VATICAN CITY (RNS) — Immigrants and refugees are expected to be the focus of Pope Francis’ imminent apostolic visit to Cyprus and Greece, and some asylum-seekers harbor the hope to be selected by the pope to return with him to the Vatican.
The trip, Francis’ 35th since becoming pope, will take him to two countries that bear the brunt of Europe’s frontiers, where large influxes of migrants and asylum-seekers have put huge strains on local populations. He departs the Vatican on Thursday (Dec. 2) and will return Monday.
Catholics represent a minority in the mainly Orthodox Christian countries of Cyprus and Greece, making ecumenism another important theme of the papal visit. But Catholic aid organizations are hoping the pontiff will fill some of the leadership gap on refugees left by German Chancellor Angela Merkel, a champion of resettlement who is retiring from politics.
Catholic charity workers on the ground say Francis would send a powerful message were he to take a handful of migrants away from the refugee camps that have swelled in Cyprus or Greece repeatedly in recent years and fueled growing populist political movements.
“We’ve had people approach us expressing interest,” said Elizabeth Kassinis, executive manager at Caritas Cyprus, part of a global network of Catholic anti-poverty programs. While there has been no confirmation from Vatican officials that the pope plans to take migrants with him, “there is definitely some buzz,” Kassinis said, about the possibility.
When Francis visited the Moria refugee camp in Lesbos, Greece, in 2016, he took 12 Syrian refugees to live in Italy. This time, the pope might instead take some refugees from Cyprus, which is facing what local authorities are calling a crisis bordering on an emergency as the number of immigrants per capita reaches five times the European average.
“A gesture such as this has a tremendous symbolic value and meaning,” Kassinis said. “The pope is saying that it’s all of our responsibility to look for a solution for all who are displaced by conflict, by climate change, by persecution.”
Two asylum-seekers, Ejube and Grace, have been living out of a small tent in the United Nations buffer zone in Cyprus for eight months after fleeing violence and conflict in their native Cameroon. Authorities in Cyprus have avoided addressing their situation for fear of encouraging more migrants from the Middle East and Africa to take that route.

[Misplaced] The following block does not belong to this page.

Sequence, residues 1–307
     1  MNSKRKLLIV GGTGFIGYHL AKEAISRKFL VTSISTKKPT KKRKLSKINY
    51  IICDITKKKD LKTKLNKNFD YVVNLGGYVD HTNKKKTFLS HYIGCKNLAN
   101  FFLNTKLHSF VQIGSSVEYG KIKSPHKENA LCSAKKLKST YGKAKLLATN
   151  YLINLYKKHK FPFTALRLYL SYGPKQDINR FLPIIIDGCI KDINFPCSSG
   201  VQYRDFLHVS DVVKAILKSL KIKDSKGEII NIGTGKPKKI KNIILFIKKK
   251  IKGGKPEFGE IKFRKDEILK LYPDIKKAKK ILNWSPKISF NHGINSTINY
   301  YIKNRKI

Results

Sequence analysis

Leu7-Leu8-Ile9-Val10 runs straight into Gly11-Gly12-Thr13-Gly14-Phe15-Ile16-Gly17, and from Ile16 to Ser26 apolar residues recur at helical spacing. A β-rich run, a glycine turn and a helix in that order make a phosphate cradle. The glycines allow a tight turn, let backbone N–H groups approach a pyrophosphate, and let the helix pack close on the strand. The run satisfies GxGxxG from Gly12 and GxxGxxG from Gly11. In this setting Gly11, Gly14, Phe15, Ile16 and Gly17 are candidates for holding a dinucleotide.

Francis will fly to Cyprus on Thursday and stay for two full days. The first day will be devoted to meeting President Nicos Anastasiades after spending the morning with the Meronite Christian representatives at Our Lady of Grace Cathedral in the capital of Nicosia.
On Friday, the pope will meet with Orthodox Archbishop Chrysostomos II and with the local Catholic community. Francis’ afternoon will focus on the plight of immigrants and refugees, starting with a Mass at the 22,000-seat GSP Stadium and followed by an ecumenical prayer with migrants and refugees at the Church of the Holy Cross in Nicosia.
Cyprus has welcomed over 20,000 migrants and refugees, mostly from Syria, Congo, Nigeria, Somalia and Cameroon. The increase in African immigrants over the past year has stirred racism and populist sentiment in the island state, according to Gosia Chrysanthou, a case manager at Caritas Cyprus who also serves on the organization’s board.
Cyprus “is a small island that feels very insecure about its identity, so any influx of other peoples and nationalities naturally creates fear,” said Chrysanthou.
Support for populist parties has grown in Cyprus since the year began, according to poll data by the German organization Europe Elects. The small state heavily relies on migrant workers for its economic survival, but the sheer numbers of migrants coming to Cyprus have made it a “very fertile ground for populist sentiment,” Chrysanthou said.
Amid growing resentment toward migrants and a struggling economy, the immigration system in Cyprus has been struggling to adapt. Caritas attempts to help migrants get a footing in the maze of bureaucratic and logistical hurdles through programs fostering health and education, but many migrants can still “find themselves in a limbo,” Chrysanthou explained.
“With the pope coming, the people in Cyprus will understand that they are not alone,” she added.
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On Saturday, Francis will travel to Athens, Greece, where he will meet with government leaders and representatives of the Greek Orthodox Church. The following day, he will return to the Moria refugee camp on Lesbos that he visited in April 2016 and wrap up the day with a public Mass at Athens’ Megaron Concert Hall.
Francis’ last day in Greece (Monday) will focus on the young generations as he will deliver a speech at the school of the Ursuline Catholic sisters.
The population is Lesbos is increasingly tired of accommodating over 15,000 migrants in Moria over the past five years, said Maria Alverti, director of Caritas Hellas in Greece since 2016. Resentment toward immigrants in the country has grown in recent years, she added, especially during the pandemic, with people “getting more and more aggressive.”
Even with the halt in migration flows brought on by the COVID-19 pandemic, there are currently more than 100,000 refugees and migrants in the country, mostly from Afghanistan, Somalia, Syria, Congo and Palestine.
“We all hope Pope Francis can affect, with his words and his actions, the European government and the Greek government in how to better deal with the situation,” Alverti said.
Alverti called taking migrants from Moria back to the Vatican in 2016 “a very big, symbolic gesture,” and she said, “There is a big expectation from the population that this could be repeated again.”
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